.- In light of Canada’s recent legalization of homosexual marriage, legislators in Alberta are working to enact a new proposal aimed at protecting those who refuse to marry gays based on their moral convictions.
At the moment, many fear that commissioners who are unwilling to perform the marriages based on their religious beliefs could be subject to the nation’s hate laws and accused of discrimination.
In order to protect the marriage commissioners, experts say that Section 33--or the so-called “notwithstanding clause”--of the Charter on Human Rights and Freedoms would have to be enacted.
Justice Minister Ron Stevens told the Edmonton Journal that, “We will do what we feel is necessary in that regard to protect the marriage commissioners and their religious beliefs…and if in fact that does require the notwithstanding clause it’s our intention to use it.”
Although it is not likely that the federal government would object to the move, based on the fact that the responsibility for officiating marriages falls on the shoulders of the individual provinces and territories, many are criticizing the act, saying that public service should come before religious belief.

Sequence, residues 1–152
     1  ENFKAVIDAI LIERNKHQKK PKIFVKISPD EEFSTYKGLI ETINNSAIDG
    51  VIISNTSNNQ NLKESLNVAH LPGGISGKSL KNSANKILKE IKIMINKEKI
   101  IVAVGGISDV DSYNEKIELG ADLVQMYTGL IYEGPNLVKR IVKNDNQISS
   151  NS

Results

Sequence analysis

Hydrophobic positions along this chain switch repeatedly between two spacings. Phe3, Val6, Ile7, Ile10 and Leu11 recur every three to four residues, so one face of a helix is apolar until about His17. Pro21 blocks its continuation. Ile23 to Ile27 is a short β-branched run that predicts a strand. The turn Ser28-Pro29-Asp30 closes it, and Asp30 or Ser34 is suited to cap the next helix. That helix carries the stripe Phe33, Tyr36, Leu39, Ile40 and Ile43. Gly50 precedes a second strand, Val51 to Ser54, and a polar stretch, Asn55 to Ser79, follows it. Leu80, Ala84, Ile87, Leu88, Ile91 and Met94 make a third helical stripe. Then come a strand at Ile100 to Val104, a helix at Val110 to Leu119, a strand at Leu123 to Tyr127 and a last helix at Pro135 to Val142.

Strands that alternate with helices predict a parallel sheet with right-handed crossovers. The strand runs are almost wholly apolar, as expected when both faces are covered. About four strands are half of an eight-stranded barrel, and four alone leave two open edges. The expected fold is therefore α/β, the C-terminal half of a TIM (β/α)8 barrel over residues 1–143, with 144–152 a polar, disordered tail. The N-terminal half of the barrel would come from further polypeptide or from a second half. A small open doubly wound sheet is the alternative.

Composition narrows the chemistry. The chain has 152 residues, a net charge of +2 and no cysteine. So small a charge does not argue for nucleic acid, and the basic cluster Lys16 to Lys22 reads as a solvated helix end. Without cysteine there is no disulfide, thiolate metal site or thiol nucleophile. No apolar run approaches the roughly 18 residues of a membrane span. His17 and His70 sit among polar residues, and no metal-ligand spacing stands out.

A recent editorial piece in the Edmonton Journal said that, “In our 21st century world, sexual orientation is not a legitimate justification for treating people differently – and anarchy in the public service is not something to be encouraged.”
Others disagree however, as shown by another editorial in the Calgary Herald which read, “After thousands of years of exclusively heterosexual marriage, endorsed by the world's major religions, there should be no moral obligation upon even a government employee to perform a same-sex marriage against his religious beliefs.”
“It is one of the strengths of liberal democracies”, the editorial continued, “that they have a lengthy history of acknowledging the consciences of their citizens and employees. Men have been excused military service and nurses from assisting with abortions on exactly those grounds.”
Reports show that of the 220 licensed marriage commissioners in Canada, some 30% are either uneasy about, if not outright opposed to performing homosexual “marriages.”